What is Mitral Valve Regurgitation (Mitral Insufficiency)?
Mitral Valve Regurgitation also known as Mitral Insufficiency is basically a leaky mitral valve. As a doctor that specializes in heart valve disease, this is the most common valve problem I see. The mitral valve stops blood flowing backwards from the main chamber of the heart and allows it to go forward to the body where it is needed. In mitral valve regurgitation the blood is allowed to flow backward. If too much blood flows backward, such as in severe mitral valve regurgitation, the body wont get the blood it needs to function and symptoms can develop.
What Causes Mitral Valve Regurgitation (Mitral Insufficiency)?
The most common cause of mitral valve regurgitation (mitral insufficiency) is mitral valve prolapse. Other causes of mitral valve regurgitation (mitral insufficiency) are an enlarged heart, calcium build up, and also coronary artery disease. See this previous post for a detailed review of mitral valve prolapse. In mitral valve prolapse the valve becomes floppy and in severe prolapse the valve allows a lot of blood to flow backward. There is a condition known as flail leaflet where the strings holding the valve snap and allow the valve to swing freely backward leading to very severe mitral valve regurgitation (severe mitral insufficiency).
How is Mitral Valve Regurgitation (Mitral Insufficiency) Graded?
The pictures shown here are from a test known as an echocardiogram, which is an ultrasound-scan of the heart and the most common method used to assess heart valves. Its important to note that this test can be variable and when important decisions need to be made regarding this, such as in severe cases of mitral valve regurgitation (mitral insufficiency), it really should be assessed by a dedicated expert. See the table for an idea of how the severity of regurgitation is determined. When more than 50% of the blood leaks backward it is in a severe category and when less then 20-30% leaks backwards it’s in a milder category.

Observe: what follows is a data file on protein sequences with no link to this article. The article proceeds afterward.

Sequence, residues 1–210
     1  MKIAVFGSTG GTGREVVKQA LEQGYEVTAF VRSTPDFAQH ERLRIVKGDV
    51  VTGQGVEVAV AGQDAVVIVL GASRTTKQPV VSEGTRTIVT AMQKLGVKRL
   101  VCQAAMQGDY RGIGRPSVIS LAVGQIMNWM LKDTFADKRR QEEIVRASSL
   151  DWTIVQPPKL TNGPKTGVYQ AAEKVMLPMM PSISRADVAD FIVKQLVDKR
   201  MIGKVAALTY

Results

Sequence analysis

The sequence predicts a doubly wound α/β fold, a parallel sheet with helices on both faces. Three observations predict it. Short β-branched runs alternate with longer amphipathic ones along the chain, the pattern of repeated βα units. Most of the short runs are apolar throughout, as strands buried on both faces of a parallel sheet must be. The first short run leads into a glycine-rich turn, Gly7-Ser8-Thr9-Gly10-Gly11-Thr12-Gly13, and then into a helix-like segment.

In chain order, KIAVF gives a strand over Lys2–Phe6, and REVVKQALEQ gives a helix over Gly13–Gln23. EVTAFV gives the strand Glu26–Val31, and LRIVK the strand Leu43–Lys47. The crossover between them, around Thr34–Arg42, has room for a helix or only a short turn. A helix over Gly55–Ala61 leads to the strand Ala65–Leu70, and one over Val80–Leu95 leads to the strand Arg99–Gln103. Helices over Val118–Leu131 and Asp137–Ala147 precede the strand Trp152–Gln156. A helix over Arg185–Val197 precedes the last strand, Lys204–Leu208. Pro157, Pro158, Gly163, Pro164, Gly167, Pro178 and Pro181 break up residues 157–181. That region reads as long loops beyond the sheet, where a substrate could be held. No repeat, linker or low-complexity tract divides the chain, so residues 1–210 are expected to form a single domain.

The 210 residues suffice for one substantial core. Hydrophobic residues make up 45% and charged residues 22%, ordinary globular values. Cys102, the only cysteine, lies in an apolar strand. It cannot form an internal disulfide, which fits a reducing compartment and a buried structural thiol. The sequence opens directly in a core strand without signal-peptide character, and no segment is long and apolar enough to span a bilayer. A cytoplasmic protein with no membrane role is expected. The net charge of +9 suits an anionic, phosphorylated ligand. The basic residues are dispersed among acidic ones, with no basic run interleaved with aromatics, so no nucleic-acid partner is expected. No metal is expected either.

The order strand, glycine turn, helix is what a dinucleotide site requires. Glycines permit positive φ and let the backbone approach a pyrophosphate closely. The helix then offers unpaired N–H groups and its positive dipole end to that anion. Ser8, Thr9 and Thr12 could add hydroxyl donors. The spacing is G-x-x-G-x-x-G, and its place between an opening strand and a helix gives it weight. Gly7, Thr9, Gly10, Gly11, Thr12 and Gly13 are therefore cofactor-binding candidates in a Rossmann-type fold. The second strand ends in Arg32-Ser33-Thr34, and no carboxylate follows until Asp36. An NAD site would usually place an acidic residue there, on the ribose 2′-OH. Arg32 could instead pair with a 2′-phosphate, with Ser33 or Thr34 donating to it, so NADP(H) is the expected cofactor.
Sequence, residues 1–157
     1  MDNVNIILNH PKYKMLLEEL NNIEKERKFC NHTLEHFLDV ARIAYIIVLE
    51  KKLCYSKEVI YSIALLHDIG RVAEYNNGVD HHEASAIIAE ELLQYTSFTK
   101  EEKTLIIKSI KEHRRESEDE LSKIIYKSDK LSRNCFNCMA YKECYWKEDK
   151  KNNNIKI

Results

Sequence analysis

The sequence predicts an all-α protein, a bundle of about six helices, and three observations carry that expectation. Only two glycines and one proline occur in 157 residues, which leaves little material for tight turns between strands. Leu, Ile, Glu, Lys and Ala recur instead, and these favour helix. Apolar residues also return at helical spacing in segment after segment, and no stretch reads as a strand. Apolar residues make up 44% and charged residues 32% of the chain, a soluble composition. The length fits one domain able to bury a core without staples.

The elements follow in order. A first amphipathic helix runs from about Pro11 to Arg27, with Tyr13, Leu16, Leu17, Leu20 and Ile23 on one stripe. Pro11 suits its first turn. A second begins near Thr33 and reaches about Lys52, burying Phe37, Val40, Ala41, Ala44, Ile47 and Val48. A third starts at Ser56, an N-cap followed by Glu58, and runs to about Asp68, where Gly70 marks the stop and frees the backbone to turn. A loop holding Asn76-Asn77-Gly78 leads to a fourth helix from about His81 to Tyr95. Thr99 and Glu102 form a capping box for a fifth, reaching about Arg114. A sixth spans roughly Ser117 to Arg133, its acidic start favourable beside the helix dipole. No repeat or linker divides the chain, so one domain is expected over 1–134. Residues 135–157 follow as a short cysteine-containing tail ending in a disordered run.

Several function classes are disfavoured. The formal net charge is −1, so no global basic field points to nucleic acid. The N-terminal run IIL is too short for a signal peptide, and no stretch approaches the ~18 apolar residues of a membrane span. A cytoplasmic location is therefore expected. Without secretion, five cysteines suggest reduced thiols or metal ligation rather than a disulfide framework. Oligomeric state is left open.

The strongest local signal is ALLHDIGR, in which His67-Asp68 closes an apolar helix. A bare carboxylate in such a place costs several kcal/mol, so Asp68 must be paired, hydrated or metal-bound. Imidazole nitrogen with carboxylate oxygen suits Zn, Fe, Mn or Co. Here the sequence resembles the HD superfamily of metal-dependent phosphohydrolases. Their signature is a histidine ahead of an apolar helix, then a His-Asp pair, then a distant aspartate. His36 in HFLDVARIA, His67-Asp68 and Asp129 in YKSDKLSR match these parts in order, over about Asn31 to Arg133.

How is Mitral Valve Regurgitation (Mitral Insufficiency) Treated?
Treatment of mitral valve regurgitation (mitral insufficiency) is very dependent on the underlying cause. Mild to moderate regurgitation typically doesn’t require any dedicated treatment. If the cause is heart failure or coronary artery disease, then initial attempts are made to treat the heart failure first, typically with medicines or sometimes procedures to restore the blood flow to the arteries. In cases of severe mitral valve regurgitation (severe mitral insufficiency) surgery may be considered to fix the valve, or consideration of one of the newer minimally invasive techniques that I will discuss in a further post.
In the case of mitral valve prolapse with mitral valve regurgitation, there is no specific treatment for the valve. There is some evidence that beta-blockers may be helpful, although larger studies are required to confirm this before it can be suggested widely. When there is severe mitral valve regurgitation, there should be consideration of fixing the valve, especially in the presence of symptoms, abnormal heart rhythm, or significant heart enlargement. In the case of moderate mitral valve regurgitation the key is to watch the valve closely over time, and monitor the size of the heart and the degree of the leakiness. Decisions regarding timing of intervention for mitral valve regurgitation (mitral insufficiency) disease are often complex and ideally should be made by dedicated specialists.
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